• The accused thought they had a claim of right to the property; and/or
  • The accused was acting under duress or in self-defence.

What is burglary?

Burglary differs from robbery in that the victim does not necessarily need to be present at the time.

Burglary occurs when a person enters or is in the dwelling of another with the intention to commit an indictable offence in the dwelling. Stealing is the most common offence intended during a burglary; however, the crime is committed if the offender commits any indictable offence in the dwelling, including assault or murder.

Actions that might constitute burglary include:

  • Breaking into a residential property to steal an item whilst the occupant was out of town; or
  • Unlawfully entering a store outside operating hours and removing property.

Applicable penalties and defences for burglary

The maximum penalty for burglary is generally 14 years’ imprisonment.

Possible defences to the offence of burglary include:

  • the accused was forced to commit the offence under duress;
  • the accused did not intend to commit a crime within the dwelling; and/or
  • the premises entered do not meet the definition of a dwelling.

What does it mean when charges for dishonesty offences incorporate the word ‘aggravated’?

In criminal law, an ‘aggravated’ offence generally means that there is a factual circumstance alleged by police which makes the charge more serious than the standard charge.

An aggravated offence will attract harsher penalties in recognition of the circumstances of the offending. At least one circumstance of aggravation must be proved beyond reasonable doubt for the offence to be an aggravated offence.

For example, the penalty for robbery will be increased to life imprisonment if any of the following aggravating features are present:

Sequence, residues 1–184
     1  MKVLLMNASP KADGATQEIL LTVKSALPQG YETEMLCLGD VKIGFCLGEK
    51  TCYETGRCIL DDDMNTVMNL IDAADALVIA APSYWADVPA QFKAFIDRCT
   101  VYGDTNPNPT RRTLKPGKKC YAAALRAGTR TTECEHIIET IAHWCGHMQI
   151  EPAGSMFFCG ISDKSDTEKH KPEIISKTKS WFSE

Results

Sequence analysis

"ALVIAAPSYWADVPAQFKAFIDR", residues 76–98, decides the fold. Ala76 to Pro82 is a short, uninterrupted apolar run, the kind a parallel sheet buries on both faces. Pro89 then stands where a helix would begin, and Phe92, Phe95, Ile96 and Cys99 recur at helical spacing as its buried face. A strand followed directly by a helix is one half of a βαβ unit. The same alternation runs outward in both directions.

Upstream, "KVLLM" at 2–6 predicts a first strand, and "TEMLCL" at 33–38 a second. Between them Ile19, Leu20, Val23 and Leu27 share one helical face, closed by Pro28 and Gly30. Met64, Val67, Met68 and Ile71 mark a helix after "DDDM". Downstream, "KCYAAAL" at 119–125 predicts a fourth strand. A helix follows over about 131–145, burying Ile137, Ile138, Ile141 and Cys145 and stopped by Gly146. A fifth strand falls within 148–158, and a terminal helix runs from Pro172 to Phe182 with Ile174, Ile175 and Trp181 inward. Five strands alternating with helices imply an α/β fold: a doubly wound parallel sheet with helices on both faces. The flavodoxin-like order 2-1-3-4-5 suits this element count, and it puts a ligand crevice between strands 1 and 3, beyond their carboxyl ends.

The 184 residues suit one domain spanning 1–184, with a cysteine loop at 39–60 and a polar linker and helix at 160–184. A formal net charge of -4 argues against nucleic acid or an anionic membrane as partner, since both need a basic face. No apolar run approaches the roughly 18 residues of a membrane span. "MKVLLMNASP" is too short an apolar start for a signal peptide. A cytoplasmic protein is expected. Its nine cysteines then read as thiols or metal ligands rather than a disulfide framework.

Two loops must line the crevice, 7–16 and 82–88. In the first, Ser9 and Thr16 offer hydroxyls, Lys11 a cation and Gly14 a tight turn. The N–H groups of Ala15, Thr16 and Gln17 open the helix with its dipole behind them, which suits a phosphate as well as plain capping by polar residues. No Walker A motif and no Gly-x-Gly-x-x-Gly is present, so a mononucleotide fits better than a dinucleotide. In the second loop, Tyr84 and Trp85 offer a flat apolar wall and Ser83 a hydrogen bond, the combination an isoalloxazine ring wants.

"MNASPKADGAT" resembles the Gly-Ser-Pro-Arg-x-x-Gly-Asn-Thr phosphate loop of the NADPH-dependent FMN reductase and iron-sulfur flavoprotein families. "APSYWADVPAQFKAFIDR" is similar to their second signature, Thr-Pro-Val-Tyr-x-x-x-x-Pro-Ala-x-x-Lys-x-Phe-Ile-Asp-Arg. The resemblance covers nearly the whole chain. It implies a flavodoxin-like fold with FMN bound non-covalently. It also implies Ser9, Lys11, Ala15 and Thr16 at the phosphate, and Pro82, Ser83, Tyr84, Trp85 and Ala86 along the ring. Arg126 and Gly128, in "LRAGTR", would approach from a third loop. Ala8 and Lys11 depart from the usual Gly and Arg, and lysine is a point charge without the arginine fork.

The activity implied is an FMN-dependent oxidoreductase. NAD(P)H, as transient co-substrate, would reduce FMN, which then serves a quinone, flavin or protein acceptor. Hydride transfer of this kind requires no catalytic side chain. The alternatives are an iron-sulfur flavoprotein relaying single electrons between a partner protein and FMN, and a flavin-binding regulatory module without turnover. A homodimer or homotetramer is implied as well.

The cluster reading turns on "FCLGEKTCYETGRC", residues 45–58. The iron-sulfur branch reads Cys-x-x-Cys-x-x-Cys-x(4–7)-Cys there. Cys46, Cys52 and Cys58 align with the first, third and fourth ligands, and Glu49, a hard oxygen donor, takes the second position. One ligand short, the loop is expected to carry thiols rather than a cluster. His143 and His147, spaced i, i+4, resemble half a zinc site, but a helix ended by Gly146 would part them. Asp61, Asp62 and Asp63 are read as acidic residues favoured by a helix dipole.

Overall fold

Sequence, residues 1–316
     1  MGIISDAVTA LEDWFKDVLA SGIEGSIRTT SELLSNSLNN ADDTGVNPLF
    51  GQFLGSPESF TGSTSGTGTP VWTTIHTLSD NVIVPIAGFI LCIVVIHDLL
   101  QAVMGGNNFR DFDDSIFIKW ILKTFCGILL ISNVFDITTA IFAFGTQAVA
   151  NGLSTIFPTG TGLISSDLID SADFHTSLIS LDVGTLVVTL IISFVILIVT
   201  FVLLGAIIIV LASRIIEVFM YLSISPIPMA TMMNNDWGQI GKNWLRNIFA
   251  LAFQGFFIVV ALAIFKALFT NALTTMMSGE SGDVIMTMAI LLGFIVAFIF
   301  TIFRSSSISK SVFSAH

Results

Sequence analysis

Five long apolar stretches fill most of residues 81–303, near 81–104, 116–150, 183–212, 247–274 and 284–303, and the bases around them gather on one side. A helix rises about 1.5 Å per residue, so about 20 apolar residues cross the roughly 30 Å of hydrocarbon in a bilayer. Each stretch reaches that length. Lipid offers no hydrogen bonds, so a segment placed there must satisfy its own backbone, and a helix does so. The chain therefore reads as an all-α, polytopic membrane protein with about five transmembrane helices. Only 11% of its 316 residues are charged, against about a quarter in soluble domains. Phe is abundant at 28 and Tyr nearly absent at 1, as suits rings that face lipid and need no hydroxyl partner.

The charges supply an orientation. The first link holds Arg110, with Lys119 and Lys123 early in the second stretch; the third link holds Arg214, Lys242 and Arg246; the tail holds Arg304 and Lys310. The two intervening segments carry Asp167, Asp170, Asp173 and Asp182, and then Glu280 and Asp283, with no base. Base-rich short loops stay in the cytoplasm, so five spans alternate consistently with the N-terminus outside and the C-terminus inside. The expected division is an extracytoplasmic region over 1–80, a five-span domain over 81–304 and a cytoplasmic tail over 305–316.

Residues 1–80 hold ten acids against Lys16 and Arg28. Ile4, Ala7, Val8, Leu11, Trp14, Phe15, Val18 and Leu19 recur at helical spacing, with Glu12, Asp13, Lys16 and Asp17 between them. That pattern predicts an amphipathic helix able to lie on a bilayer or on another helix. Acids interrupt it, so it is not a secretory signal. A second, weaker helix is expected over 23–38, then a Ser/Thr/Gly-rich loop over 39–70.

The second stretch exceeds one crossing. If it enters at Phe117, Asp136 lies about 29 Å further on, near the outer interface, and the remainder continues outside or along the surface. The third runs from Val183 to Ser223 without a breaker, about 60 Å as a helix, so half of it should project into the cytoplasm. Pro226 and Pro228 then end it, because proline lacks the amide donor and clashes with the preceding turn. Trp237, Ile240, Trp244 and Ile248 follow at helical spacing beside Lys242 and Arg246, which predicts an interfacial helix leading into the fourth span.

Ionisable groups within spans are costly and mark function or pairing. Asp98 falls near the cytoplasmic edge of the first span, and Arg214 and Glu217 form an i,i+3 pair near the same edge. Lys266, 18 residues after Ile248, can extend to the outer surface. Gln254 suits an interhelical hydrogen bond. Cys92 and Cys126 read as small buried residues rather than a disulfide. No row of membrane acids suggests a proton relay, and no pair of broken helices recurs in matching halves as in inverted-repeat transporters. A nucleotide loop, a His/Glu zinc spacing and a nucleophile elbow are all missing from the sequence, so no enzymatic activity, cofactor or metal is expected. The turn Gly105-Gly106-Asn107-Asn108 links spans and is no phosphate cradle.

• The offender pretends to be armed with any dangerous or offensive weapon or instrument;
  • The offender is in company with one or more other persons; and/or
  • The offender, at, immediately before or after the time of the robbery wounds or uses personal violence to any person.

Similarly, the penalty for burglary increases from 14 years imprisonment to life imprisonment if any of the following aggravating features are present:

  • The offender enters the dwelling by means of any break (e.g. opening, unlocking, pulling, pushing, lifting or any other means, any door, window or other thing intended to close or cover an opening to premises);
  • The offender damages or threatens to damage property;
  • The offender is or pretends to be armed;
  • The offender uses or threatens to use actual violence;
  • The offender commits an indictable offence in the dwelling; and/or
  • the offender is in company with one or more persons.

Importantly, circumstances of aggravation do not create separate offences; robbery and aggravated robbery and burglary and aggravated burglary are still the same offence. The differences between the two categories (aggravated and not aggravated) are that the maximum penalty is increased when aggravating circumstances are present.

Help, I’ve been charged with stealing, robbery or burglary

The offences of stealing, robbery and burglary are serious criminal offences. If you or a loved one has been charged with these offences you should obtain urgent advice about your options.

Contacting Gilshenan & Luton

📞 07 3361 0222  (24/7)

📧 gnl@gnl.com.au

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This article is of a general nature and should not be relied upon as legal advice. If you require further information, advice or assistance for your specific circumstances, please contact Gilshenan & Luton, Criminal & Employment Lawyers Brisbane and Sunshine Coast, Queensland.